Throughout the night, there was not a single bad song. In my opinion, every song was performed to perfection. Brian alternated between guitar and just vocals, which apparently was also another first for the band, allowing him to pay much more attention to us in the crowd!

The slow songs were also played at exactly the right moments. Rather than killing the momentum, the catchy, singalong choruses of songs such as ‘She Loves You’ and ‘Here’s Lookin’ At You, Kid’ were a perfect finisher to an amazing night!

Below, you can find the entire setlist. The pictures throughout are from gigwise.com.

The Gaslight Anthem Setlist HMV Hammersmith Apollo, London, England 2010, American Slang Tour

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The Gaslight Anthem – American Slang Review

Well, The Gaslight Anthem are back! And after the long awaited release of American Slang, I must say, I’m very impressed! It’s taken me a while to really get into this album, as I was almost expecting something similar to The ’59 Sound, however, after coming to terms with the concept that Brian Fallon no longer wanted to follow the same song structure that was the basis for the majority of the songs on the previous album, I have realised that this is yet another great album from the New Jersey punk rock band.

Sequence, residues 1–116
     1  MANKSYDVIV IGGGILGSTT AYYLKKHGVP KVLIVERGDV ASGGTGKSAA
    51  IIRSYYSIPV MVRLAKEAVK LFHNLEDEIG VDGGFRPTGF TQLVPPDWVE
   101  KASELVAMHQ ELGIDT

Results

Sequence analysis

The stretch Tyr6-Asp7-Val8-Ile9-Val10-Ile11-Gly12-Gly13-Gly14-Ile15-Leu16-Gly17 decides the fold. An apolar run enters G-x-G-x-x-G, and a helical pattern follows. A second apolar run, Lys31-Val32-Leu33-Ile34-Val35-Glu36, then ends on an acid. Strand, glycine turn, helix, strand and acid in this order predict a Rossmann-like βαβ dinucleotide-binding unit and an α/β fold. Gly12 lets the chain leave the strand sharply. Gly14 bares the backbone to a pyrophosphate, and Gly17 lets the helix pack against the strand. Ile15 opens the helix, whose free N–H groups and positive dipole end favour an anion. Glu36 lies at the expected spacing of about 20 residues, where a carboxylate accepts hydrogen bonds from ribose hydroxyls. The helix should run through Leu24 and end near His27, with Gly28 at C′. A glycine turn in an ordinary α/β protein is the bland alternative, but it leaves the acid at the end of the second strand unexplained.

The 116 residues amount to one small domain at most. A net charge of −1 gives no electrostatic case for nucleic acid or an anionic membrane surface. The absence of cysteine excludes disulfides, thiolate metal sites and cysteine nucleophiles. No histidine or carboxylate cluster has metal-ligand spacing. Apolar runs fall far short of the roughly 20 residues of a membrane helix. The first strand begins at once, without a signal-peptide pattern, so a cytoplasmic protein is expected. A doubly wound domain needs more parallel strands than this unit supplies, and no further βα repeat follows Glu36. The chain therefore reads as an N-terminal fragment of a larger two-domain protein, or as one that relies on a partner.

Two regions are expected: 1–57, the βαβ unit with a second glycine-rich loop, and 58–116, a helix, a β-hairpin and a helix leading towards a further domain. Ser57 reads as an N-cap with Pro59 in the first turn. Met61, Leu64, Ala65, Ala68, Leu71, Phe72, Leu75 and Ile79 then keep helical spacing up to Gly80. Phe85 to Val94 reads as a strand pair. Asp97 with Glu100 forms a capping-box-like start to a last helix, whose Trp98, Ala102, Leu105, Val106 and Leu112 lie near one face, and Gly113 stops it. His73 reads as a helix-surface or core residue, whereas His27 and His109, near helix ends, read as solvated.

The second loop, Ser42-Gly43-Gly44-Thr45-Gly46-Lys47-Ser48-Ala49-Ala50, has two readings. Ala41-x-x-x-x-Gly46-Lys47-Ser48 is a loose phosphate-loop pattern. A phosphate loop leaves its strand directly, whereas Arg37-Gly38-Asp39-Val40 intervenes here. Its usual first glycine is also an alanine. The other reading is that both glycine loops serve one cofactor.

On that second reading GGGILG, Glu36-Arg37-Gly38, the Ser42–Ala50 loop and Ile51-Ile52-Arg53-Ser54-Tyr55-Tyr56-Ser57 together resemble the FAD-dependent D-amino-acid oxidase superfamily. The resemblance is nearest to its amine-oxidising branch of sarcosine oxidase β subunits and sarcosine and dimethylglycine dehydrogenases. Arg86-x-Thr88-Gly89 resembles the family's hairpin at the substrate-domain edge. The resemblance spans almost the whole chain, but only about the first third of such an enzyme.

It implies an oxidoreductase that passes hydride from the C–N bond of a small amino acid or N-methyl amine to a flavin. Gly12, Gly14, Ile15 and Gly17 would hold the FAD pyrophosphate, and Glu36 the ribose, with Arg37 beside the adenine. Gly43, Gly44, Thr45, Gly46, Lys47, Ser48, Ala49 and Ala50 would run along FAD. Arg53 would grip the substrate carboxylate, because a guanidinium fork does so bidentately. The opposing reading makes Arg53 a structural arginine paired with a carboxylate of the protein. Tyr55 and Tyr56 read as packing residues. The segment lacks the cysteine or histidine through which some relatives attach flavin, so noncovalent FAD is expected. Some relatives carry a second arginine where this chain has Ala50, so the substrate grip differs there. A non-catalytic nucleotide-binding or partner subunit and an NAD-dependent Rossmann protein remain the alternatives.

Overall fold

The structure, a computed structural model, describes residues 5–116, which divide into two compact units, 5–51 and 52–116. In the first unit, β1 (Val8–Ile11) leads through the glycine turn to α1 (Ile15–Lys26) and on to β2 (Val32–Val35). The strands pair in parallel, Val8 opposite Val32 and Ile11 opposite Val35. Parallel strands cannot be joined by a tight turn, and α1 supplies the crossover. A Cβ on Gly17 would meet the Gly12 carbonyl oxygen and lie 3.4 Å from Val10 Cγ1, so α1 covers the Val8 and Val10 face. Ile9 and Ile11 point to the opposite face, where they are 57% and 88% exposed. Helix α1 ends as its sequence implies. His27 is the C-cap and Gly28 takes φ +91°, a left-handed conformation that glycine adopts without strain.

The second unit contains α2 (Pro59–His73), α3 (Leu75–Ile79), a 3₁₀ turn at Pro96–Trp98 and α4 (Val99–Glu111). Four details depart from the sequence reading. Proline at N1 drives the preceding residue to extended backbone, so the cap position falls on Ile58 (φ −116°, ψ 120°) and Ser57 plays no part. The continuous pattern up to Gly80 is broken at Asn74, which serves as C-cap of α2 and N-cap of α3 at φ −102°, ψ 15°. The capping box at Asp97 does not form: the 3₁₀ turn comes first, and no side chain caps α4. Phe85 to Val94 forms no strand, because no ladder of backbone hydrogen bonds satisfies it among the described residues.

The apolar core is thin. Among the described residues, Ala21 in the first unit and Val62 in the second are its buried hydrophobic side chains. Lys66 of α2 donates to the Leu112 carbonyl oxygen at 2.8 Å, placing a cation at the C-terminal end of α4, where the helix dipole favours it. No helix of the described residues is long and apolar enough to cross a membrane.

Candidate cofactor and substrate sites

One review states (of Brian Fallon) that ‘He emerges from American Slang as a man who couldn’t assemble an Ikea bookcase without getting the instructions tattooed on his heart while rememberin’ the good times, before flat-pack furniture took the fire of his youth, when the diamond romeos in the¬†alleyways sang sha-la-la to the uptown queens.’

I believe that this statement is partly true, as Fallon has the ability to make every event into a collage of metaphors and hidden meanings, but I don’t believe it is a bad thing. He has a very thoughtful and complex songwriting technique, but it is refreshing to see something diferent from the straightforward, stereotypical lyrics that dominate today’s Top 100.

Fallon has compared the band’s progression to that of the Clash. The first album, Sink or Swim was a straightforward punk record, the second, The ’59 Sound was much more thoughtful, yet still had the punk rock edge, which set them slightly apart from the obvious Springsteen references. On the other hand, American Slang is much more of a rock record, full of slower songs, and is made up of numerous picked guitar riffs, which connect together to make up the songs, rather than just the chords with occasional melodies over the top that made up the previous two albums. Personally, I think this showcases the band’s talent ,much more clearly, as it proves that they have enough creativity to put forward riff after riff. It also makes the album much more personal to the band. Aswell as choosing to use a songwriting style that Fallon wanted to be ‘much more personal, featuring his own experiences,’ the use of their own riffs really helps to convey the ideas and emotions that inspired this album in the first place.

In my personal opinion, American Slang is a great album, but one which does not strike the listener as being so as quickly as the previous album did. Highlights of the album for are: The Queen Of Lower Chelsea, American Slang, The Diamond Church Street Choir and Boxer.